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North and west of Brynmally colliery lies an attractive area of small, wooded hills, tiny deep-banked lanes, and old farmhouses, with a few relics of an industry that it is now difficult to imagine ever being here. The parishes of Wrexham, Gresford and Hope meet at this point, the latter lying across the Cegidog to the north. Much of the area is now given the name of Ffrwd – over the years it has also been spelt in the Anglicised form “Frood”, the latter particularly applied to John Thompson‘s colliery and ironworks which once occupied land at the very extremity of Brymbo township.
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A few months back, I looked at the early history of the colliery at Brynmally, formerly one of Brymbo’s main sources of employment, from its probable founding in the 18th century by Thomas Brock and Charles Roe to its development under the Kyrke family, who lived at Brynmally Hall. The financial troubles of George Kyrke led to the sale of the property in 1849 to Thomas Clayton, a young entrepreneur from Lancashire with existing experience and marital connections in the coal industry.

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Ann Primerose, nee Drelincourt, was along with her mother largely responsible for the charity school and church at Berse.

Ann Primerose, nee Drelincourt, was along with her mother largely responsible for the charity school and church at Berse.

There were few sights, wrote the Wrexham historian Alfred Palmer, which “refreshed” his eyes as much as the early 18th century vicarage of Berse Drelincourt and its setting. Fortunately for us, the house is still visible. The surroundings have sadly changed since Palmer’s time, with the “noble” avenues of trees leading to Croesnewydd house now obscured by the Wrexham bypass, but the house’s simple, gracious architectural style is one of the few reminders of the district in a time before the Industrial Revolution reshaped it for ever.

Berse Drelincourt is not in Brymbo township, but is one of the main landmarks on the old road between it and Wrexham. North of the house stands a small church of the same period, without a specific dedication though sometimes called ‘St Paul’. The church, unusual in a landscape of mainly 19th century chapels, recently closed and is now converted to a house. The church and house were both built by the same family, the Drelincourts; though they themselves lived in London or elsewhere much of the time, the presence of the church and an associated charity school, set up in and around the house, ensured that their influence lingered in the area long after their departure.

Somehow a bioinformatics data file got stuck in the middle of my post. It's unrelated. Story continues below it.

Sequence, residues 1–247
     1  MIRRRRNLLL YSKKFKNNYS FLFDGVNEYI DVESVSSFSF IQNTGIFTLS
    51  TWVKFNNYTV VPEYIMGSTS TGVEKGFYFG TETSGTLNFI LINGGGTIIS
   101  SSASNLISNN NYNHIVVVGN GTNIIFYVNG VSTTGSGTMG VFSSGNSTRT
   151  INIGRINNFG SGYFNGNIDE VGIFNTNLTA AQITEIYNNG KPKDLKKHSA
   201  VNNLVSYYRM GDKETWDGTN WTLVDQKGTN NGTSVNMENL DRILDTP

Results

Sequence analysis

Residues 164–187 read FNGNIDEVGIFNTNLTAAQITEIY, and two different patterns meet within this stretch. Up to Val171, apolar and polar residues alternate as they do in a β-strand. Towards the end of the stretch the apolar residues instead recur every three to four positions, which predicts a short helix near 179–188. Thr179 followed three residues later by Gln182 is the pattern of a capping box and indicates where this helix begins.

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My previous post discussed the early history of the Brynmally estate and its colliery – which started operation in around 1753 or 1770, depending on which source you consult. We arrive on firmer ground with the appearance of the coalmaster Richard Kirk during the 1770s. Kirk, who ran or was involved with a number of pits in and around Brymbo and Broughton, was to be central to the district’s mineral developments for the next fifty years.
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Despite the closeness of Brynmally to the modern-day village of Brymbo, it is not actually in the old township; it lies just over the border, in Broughton. Nevertheless the colliery at Brynmally employed many Brymbo men over the years, and the residence of its owners, Brynmally Hall, was one of the area’s most notable houses. Its name, which mean’s Mary’s (or Molly’s) Hill, is more correctly written as Bryn Mali, though the anglicised version is probably more familiar. The hill, such as it is, forms a low ridge of farmland lying east of Clayton Road and marked by the distinctive tower of the Wrexham-Rhos transmitter. The house of Brynmally lay just north-east of the hill’s highest point, with the colliery a little further to the east beyond that.

The land in question was once attached to the Lower Halcock or Halcog Issa tenement, itself one of the farms belonging to the Gyfynys estate. The Gyfynys had been owned by the Powell family since at least the 16th century, but by the early 18th century the Powells had departed the area and their estates were broken up to satisfy various inheritances. Much of this land, including Lower Halcock, then in the tenancy of Thomas Rogers, came into the possession of a Mr James Morgan of Stansty, and after the latter’s death in 1760 passed to his heirs. Although mining was undoubtedly taking place on surrounding land in this time – with pits at the Lodge and on the Broughton Hall estate – there is not much evidence of either the house or the coal pits at Brynmally, although there has been a suggestion of a reference to the pit on the estate as early as 1753, during Morgan’s ownership. That was soon to change, however.

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This is site about Brymbo, a township once part of Denbighshire, and its history. You can read more about the site in general, start with the most recent posts or with the archives listed below.
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